Probability of two events

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Hello. I have two probability density functions for two events. I would like to find the probability that they both will occur at the same time. It is simply multiplying the results of the two integrals over the time, correct?

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  • #2
mathman
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Hello. I have two probability density functions for two events. I would like to find the probability that they both will occur at the same time. It is simply multiplying the results of the two integrals over the time, correct?

Thank you

No. Two events can occur at the same time only if they have discrete distributions. When both have continuous distributions (and are independent) the probability of happening at the same time is 0.
 
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Yes true :) How can I calculate the probability that between some points 'a' and 'b' in time, two events with these PDFs will occur? For example, if one PDF describes the probability that a light will be orange, and another PDF describes probability for a green light, and I want to know the chances that there will be an orange and a green light illuminated "at the same time" between times 'a' and 'b'?
 
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Office_Shredder
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oneamp, if the two events are independent then you can simply multiply the probabilities of each even happening. If they have some dependence between each other then you need to know exactly what that dependence is - you have to have a pdf p(x,y) which is called the joint distribution between the two variables.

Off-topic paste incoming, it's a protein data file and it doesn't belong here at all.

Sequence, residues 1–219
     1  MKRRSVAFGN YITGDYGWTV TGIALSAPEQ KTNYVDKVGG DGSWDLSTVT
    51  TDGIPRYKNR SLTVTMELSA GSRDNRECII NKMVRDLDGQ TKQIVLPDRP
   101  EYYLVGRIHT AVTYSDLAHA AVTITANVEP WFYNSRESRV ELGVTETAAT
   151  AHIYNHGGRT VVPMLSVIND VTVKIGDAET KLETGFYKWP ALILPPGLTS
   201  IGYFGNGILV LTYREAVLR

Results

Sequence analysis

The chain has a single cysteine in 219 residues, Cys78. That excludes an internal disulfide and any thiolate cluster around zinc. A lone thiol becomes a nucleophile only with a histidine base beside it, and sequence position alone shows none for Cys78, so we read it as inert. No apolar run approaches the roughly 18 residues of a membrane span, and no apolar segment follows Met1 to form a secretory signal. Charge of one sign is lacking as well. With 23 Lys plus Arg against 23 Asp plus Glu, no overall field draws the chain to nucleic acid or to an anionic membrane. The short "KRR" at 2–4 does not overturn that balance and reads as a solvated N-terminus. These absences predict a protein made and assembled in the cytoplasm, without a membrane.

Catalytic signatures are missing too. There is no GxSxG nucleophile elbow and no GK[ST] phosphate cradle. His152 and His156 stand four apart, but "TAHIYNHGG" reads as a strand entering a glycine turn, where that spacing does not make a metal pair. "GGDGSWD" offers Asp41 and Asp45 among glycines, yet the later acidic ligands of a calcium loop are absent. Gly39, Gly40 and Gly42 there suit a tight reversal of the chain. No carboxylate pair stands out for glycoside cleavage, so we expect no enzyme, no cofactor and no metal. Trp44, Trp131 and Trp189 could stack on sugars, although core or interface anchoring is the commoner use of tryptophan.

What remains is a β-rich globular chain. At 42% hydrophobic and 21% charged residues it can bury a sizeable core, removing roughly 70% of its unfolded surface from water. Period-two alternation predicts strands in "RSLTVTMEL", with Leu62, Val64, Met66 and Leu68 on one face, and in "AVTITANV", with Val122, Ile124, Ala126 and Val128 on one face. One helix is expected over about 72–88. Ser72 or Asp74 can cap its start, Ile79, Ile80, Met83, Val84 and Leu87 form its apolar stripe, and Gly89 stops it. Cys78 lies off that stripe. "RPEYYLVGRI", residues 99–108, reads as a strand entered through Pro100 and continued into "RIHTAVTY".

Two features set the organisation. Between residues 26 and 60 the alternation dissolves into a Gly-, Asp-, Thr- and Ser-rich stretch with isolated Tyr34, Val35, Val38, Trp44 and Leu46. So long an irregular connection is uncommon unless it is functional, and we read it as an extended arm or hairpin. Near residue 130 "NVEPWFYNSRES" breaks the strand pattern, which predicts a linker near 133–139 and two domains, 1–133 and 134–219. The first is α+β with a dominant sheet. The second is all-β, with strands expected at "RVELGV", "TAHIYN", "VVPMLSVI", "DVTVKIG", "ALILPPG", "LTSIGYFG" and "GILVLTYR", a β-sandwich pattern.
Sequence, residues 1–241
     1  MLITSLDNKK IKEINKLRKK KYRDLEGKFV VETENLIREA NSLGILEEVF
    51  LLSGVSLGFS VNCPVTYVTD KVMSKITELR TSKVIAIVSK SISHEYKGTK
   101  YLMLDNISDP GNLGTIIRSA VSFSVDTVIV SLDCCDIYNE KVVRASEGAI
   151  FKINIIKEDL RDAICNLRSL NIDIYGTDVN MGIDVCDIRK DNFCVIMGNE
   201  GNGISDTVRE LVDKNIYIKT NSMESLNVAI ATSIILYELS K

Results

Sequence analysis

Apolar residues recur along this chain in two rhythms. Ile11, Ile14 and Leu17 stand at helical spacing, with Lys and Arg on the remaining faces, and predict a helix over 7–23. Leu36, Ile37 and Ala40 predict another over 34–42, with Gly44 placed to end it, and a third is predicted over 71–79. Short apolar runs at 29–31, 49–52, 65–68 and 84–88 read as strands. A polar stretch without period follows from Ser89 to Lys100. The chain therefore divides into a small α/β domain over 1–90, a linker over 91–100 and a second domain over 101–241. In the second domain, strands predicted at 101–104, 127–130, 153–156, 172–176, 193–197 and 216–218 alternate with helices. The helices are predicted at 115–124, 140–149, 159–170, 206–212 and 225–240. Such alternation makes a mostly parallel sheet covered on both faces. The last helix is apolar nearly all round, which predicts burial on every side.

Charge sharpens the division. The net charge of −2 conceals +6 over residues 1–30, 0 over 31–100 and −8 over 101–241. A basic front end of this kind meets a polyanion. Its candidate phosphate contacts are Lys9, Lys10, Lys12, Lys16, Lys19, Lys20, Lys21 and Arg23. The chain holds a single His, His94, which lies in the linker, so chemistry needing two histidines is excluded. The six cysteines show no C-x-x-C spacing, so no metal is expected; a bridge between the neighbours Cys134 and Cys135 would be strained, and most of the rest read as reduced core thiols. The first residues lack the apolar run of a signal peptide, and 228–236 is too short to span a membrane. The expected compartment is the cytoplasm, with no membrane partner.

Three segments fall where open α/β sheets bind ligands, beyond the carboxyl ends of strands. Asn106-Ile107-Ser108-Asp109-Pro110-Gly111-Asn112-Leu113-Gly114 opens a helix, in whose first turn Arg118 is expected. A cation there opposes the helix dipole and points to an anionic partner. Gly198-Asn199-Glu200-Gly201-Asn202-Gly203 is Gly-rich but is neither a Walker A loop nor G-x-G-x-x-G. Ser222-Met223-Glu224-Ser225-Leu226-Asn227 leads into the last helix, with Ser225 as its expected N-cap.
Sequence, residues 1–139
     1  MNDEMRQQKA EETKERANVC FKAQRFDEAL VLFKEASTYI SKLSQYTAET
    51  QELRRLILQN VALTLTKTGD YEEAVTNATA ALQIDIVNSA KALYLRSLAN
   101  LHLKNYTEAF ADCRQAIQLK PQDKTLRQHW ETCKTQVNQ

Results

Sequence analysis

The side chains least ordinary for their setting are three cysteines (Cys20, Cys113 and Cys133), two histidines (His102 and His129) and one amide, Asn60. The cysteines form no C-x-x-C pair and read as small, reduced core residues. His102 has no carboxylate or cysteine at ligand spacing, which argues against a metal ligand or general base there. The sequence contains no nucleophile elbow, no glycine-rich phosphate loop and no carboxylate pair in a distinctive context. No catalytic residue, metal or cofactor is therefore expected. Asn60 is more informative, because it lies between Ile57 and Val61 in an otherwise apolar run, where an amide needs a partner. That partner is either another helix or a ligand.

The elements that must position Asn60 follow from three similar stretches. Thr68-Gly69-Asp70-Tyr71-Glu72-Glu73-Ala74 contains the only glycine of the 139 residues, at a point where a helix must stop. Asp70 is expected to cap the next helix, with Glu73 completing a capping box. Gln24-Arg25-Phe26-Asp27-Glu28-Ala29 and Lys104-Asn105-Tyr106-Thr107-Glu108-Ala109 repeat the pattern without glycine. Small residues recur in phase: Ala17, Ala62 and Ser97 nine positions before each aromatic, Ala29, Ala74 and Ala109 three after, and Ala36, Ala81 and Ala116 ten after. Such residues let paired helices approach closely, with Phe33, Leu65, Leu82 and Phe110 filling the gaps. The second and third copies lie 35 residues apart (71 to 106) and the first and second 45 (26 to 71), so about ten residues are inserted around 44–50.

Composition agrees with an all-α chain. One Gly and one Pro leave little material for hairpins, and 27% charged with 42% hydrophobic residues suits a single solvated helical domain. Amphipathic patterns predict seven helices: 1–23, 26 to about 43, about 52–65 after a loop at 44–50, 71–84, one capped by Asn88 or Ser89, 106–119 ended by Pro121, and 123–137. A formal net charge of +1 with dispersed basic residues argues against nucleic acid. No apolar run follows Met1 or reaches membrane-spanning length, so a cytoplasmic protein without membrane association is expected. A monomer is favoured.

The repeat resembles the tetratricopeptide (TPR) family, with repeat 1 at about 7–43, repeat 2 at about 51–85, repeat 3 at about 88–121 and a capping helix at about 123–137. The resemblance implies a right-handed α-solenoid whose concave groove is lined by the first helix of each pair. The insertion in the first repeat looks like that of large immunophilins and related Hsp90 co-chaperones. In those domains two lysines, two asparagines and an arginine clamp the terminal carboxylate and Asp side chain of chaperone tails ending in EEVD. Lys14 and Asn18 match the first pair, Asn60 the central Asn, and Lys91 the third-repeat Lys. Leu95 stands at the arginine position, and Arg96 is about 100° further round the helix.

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Thank you very much
 
  • #6
jbunniii
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No. Two events can occur at the same time only if they have discrete distributions. When both have continuous distributions (and are independent) the probability of happening at the same time is 0.
That's not true at all. Suppose ##X## and ##Y## are independent normally distributed random variables. Let ##A## be the event that ##X > 0## and ##B## be the event that ##Y > 0##. Clearly the probability of ##A \cap B## is nonzero.
 
  • #7
mathman
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That's not true at all. Suppose ##X## and ##Y## are independent normally distributed random variables. Let ##A## be the event that ##X > 0## and ##B## be the event that ##Y > 0##. Clearly the probability of ##A \cap B## is nonzero.

You misunderstood the point of the original question. He was asking about something like the probability that X=Y when both have continuous distributions.
 

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